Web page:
Monday, the song lyrics became reality.
Stark's son Hyland, 9, died that day from head injuries he suffered in a car accident Sunday.
"I wrote about how I would feel if he died," said Stark, a Brick drummer and songwriter. "I always said if I ever lost him that I would lose it and that feeling's right there. It's the worst nightmare that I could ever imagine in my whole life and the song I wrote wasn't supposed to be real."
A week ago, Stark's band, Silent Witness, released a compact disc in Europe that included the song.
All I do is cry since you left my side. All I do is cry since you said goodbye.
Another time, another place might have made the difference
me giving you just a little more space. But in our own little world I
felt so secure and certainly sure, you and I would live forever.
Hyland Lance Stark, a fourth-grader and honor roll student at Drum Point School, died in his parent's arms at Jersey Shore Medical Center, Neptune, at about 6 p.m. Monday. He was admitted to the hospital in critical condition after a head-on collision at 9:30 a.m. Sunday on Drum Point Road, east of Cherry Quay Road.
I don't know why all the life's left my eyes and all I do is die
deep down inside. To be alone in a world without second chances is like drowning at sea a thousand times forever.
Last week, Hyland began listening to the song and singing it, Stark said.
"There's a piece of me that's just gone," he said. "It will be gone forever. A thousand times forever.
Stark expressed thanks to the hospital for allowing him and his wife Kimberly to be at the boy's side when he was dying. "I stayed in bed beside him with all the wires and tubes. We spent the last few hours alone with him. It was very important to do that."
Just gotta believe what could I have said? I just gotta believe there is nothing I could've said, could've changed your mind not to leave this world behind.
Hyland Stark's 3-year-old brother, Austin Jon, suffered serious injuries and remains at Jersey Shore in critical condition. He is expected to recover, the Starks said.
The Starks, who live on Laurel Avenue, have faced tragedy before. Hyland's mother, Gayle "Unique" Bognar Stark, died of cancer at age 31, when he was 3.
Stark also wrote a song on the same compact disc about her death. "Starri (his sister, 8) and Hyland were like two peas in a pod," Stark said, clearing his throat. "She said he was the best brother that anybody could ever have. She said Hyland didn't get to finish growing up yet. My heart sank when she said that."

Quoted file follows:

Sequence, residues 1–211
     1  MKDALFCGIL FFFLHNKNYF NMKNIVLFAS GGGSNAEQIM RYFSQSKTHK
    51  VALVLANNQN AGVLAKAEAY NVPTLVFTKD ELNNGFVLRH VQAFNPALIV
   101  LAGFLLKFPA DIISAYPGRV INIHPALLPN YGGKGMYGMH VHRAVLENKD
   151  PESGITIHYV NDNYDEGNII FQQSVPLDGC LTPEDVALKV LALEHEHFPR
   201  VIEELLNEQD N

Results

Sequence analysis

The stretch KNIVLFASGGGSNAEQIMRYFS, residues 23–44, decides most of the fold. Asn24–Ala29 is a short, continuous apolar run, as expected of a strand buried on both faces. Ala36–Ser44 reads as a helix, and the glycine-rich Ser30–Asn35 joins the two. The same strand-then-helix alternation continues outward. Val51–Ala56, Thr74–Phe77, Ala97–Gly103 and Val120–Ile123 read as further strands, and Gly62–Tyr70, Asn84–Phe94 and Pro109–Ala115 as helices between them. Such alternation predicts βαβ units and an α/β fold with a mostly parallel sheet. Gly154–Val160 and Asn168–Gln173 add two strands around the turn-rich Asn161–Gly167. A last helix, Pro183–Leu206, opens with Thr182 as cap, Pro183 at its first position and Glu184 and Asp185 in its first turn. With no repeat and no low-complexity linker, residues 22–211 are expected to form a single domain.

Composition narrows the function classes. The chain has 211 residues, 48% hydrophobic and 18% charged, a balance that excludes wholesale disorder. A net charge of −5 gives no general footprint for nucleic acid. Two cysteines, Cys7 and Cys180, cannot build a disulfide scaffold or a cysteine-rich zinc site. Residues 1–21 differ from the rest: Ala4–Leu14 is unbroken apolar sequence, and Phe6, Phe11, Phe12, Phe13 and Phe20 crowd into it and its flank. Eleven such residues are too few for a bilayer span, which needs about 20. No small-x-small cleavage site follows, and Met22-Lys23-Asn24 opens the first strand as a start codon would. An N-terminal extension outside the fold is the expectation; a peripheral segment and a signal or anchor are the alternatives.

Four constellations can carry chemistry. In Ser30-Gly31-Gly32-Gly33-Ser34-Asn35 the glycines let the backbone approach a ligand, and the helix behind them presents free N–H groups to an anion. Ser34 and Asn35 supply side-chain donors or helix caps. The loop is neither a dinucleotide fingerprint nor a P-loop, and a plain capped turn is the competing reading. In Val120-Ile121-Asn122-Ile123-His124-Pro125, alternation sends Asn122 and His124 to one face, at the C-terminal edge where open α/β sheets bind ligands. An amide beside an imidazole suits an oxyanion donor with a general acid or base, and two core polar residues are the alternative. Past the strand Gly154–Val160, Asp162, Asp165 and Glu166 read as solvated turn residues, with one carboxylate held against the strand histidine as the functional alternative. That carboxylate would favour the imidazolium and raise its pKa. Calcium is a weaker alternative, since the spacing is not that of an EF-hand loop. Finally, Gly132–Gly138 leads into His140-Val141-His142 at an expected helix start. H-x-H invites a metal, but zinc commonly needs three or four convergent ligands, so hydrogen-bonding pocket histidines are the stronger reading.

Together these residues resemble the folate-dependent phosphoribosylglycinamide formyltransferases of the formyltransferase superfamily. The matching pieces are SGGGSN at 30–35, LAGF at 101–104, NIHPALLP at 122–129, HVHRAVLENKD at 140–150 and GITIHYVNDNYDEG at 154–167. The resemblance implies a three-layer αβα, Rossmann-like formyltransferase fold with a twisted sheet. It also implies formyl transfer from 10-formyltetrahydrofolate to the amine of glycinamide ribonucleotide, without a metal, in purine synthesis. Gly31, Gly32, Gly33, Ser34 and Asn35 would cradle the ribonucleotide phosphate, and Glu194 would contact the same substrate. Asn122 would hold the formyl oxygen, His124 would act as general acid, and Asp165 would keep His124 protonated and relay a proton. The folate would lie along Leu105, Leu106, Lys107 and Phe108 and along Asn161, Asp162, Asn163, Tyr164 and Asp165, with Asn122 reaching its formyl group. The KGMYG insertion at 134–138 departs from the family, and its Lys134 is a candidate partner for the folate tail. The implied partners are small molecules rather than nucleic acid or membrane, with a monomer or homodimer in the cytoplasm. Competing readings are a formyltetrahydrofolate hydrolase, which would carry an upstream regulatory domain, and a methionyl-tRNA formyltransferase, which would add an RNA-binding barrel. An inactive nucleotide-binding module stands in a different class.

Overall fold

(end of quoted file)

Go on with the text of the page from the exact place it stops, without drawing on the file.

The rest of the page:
The boys were passengers in a car driven by their uncle, Timmie Perry, Jr., 23, who sustained chest injuries. Perry was treated and released from the hospital that day, the Starks said.
Perry's car collided with another driven by Jean Baum, 67, of Brick. Authorities said Baum was westbound on Drum Point Road when her vehicle crossed the center line and struck Perry's eastbound car.
Baum applied the brakes and slid on the wet road, police said. Both vehicles came to rest near the eastbound shoulder.
The Starks stressed that they know Perry was not to blame. "Tim's like the big brother to the kids," Stark said. "He was always teaching Hyland sports. He's more to me like a son. We don't want him to feel guilty about this. It's not his fault."
The accident is under investigation by Brick traffic safety officers, including Patrolmen Kenneth Baenziger, Donald Ling and Robert Appello.
A funeral service will be held at 9 a.m. Friday at the Weatherhead Young Funeral Home, 885 Mantoloking Road, Brick. Visitation will be from 2 to 4 p.m. and 7 to 9 p.m. tomorrow at the funeral home.
In our own way we've all got dues to pay but within myself all I can do everyday, everyday, I live and I die a thousand times forever.
Source: Asbury Park Press
Published: October 07, 1998